Scott Tallon Walker
 
 
 
 
 

NUI Maynooth Humanities & Social Sciences

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2007 - 2010
Maynooth, Co. Kildare

Client
National University of Ireland, Maynooth
Area
4600 sq.m

Awards
Royal Institute of the Architects of Ireland / Best Educational Building - Commended
2011

Plan Expo / OPUS Award - Commended
2010



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The New Humanities and Social Sciences Research Building is home to the English & Media Studies Department, the National Institute for Regional & Spatial Analysis, and the Institute for Research in Irish Historical and Cultural Traditions. The co-location of these institutes in the new building has enhanced their ability to work collaboratively and to lead nationally funded research programmes.

The new building was the first to be delivered under the University’s new strategic masterplan ‘Vision for Maynooth ’and was completed as planned within a very tight 13 month programme.

 

 

The 4,600sqm teaching and research building is laid out around a three-storey concourse, overlooked by staff offices at the upper levels.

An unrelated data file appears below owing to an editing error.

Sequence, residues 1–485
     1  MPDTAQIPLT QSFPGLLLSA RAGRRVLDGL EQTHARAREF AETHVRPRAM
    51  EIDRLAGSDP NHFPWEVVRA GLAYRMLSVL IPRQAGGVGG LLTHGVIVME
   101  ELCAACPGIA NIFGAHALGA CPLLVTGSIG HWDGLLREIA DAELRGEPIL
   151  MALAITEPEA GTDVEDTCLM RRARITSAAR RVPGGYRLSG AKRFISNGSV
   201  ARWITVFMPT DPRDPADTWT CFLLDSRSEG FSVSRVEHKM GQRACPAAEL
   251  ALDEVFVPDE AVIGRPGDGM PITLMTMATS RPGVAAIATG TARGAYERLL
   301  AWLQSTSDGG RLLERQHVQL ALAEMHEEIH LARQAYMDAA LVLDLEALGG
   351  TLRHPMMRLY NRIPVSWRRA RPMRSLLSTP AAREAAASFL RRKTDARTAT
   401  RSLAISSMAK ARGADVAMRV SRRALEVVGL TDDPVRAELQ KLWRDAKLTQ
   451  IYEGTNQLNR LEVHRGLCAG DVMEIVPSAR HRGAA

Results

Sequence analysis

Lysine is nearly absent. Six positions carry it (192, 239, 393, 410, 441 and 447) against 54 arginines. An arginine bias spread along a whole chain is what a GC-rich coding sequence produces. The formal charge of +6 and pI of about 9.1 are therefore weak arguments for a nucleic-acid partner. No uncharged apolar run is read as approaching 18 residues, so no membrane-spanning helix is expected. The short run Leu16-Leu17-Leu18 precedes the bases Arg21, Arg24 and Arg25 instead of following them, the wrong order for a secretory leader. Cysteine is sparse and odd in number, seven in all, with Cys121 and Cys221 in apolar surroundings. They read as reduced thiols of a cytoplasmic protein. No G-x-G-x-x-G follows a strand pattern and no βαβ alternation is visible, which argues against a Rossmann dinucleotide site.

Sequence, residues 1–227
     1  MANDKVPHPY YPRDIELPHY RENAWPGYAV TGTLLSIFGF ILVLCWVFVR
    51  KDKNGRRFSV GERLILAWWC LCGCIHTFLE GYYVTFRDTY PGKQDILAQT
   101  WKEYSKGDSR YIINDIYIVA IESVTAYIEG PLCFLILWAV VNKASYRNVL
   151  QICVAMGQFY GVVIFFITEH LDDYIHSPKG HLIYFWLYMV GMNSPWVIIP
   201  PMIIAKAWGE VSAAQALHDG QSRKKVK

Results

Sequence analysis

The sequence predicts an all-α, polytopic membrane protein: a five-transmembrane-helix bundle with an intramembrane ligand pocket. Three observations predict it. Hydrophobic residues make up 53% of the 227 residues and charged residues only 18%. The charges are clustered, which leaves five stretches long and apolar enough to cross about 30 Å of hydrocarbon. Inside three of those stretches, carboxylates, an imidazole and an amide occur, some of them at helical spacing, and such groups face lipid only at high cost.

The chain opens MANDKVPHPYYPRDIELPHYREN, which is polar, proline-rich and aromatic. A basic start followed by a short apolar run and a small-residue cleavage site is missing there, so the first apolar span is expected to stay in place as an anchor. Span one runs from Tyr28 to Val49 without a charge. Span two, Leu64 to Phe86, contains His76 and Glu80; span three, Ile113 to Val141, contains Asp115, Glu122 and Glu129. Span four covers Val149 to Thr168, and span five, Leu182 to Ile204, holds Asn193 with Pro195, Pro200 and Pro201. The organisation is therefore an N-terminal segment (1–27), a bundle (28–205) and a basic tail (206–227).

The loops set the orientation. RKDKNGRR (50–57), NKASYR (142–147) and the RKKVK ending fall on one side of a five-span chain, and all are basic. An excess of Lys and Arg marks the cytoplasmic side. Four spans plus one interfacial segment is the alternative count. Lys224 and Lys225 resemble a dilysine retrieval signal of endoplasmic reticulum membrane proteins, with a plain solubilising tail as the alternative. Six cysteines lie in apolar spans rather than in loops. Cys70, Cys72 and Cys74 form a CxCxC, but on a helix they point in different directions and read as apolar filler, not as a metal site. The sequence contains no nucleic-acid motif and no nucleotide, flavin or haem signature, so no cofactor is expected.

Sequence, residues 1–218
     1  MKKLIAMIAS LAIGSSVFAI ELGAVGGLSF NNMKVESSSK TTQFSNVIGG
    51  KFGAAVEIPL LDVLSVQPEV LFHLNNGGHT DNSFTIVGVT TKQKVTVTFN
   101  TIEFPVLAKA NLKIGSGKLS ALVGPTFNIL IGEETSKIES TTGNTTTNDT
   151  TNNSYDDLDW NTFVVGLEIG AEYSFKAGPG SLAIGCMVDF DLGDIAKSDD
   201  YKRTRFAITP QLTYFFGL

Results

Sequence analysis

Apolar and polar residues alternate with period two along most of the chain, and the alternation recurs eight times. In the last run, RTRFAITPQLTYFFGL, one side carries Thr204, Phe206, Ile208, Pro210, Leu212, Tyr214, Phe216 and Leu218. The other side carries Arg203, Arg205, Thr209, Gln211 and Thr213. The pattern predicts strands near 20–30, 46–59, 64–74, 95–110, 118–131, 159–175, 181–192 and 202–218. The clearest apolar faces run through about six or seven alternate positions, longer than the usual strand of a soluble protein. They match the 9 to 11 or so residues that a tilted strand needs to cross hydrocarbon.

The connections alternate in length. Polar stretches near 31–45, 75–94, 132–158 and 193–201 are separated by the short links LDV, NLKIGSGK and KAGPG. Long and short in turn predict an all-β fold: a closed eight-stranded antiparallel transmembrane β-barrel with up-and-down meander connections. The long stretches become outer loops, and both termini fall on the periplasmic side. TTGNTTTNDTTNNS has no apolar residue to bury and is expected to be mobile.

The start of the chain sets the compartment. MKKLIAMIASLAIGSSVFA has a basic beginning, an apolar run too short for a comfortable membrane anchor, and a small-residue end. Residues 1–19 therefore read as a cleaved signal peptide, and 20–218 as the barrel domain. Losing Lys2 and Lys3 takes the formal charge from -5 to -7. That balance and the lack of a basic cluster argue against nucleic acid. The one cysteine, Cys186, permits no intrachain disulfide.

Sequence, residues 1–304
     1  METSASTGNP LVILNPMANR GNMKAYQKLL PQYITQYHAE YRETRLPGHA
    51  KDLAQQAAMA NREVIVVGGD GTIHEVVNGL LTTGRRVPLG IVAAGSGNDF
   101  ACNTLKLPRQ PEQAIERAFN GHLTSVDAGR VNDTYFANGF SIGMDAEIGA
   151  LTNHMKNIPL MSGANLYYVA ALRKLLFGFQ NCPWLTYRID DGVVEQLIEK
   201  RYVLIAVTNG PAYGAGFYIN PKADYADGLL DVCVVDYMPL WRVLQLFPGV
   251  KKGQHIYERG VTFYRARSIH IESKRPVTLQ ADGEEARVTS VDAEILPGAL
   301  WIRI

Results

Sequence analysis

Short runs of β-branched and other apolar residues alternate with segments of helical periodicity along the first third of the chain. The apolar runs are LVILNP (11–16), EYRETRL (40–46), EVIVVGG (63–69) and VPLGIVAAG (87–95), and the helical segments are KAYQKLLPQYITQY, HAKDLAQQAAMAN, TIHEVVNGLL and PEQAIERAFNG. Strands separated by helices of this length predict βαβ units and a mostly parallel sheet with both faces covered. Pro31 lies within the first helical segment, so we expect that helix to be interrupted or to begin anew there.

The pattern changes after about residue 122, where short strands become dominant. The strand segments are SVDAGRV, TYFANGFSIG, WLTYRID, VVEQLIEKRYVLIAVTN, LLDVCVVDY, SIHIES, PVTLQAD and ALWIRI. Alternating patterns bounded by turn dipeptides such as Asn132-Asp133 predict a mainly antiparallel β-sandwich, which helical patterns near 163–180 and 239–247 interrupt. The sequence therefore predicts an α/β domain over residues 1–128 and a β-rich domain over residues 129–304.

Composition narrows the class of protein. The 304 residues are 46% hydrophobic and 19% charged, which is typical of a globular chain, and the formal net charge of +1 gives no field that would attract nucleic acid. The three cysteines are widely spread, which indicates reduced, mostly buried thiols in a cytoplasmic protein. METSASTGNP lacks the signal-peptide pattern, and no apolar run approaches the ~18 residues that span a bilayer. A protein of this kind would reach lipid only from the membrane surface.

The entrance foyer is not just an architectural set piece but a hugely valuable multi-functional space, providing a break-out area between lectures for casual learning and staff and student interaction, a venue for receptions and exhibitions, and is easily adapted for use as an examination hall.

A prominently located 350 seat lecture theatre is also a resource for the wider university community.

 

 

STW’s holistic design considered orientation, disposition of glazing and shading, thermal mass and natural ventilation through the atrium and double-skin facades to optimise the passive energy performance of the building.

Additional sustainable features include solar thermal panels, green roofs, grey water recycling, and an intelligent BMS system which integrates temperature, rain and occupancy sensors to optimise lighting, heating and ventilation - but importantly including manual overrides for individual comfort.

With a total energy consumption of 147 kWh/m2/year, the building uses 42% less energy than the average Irish university building, helping our client to achieve their sustainability goals.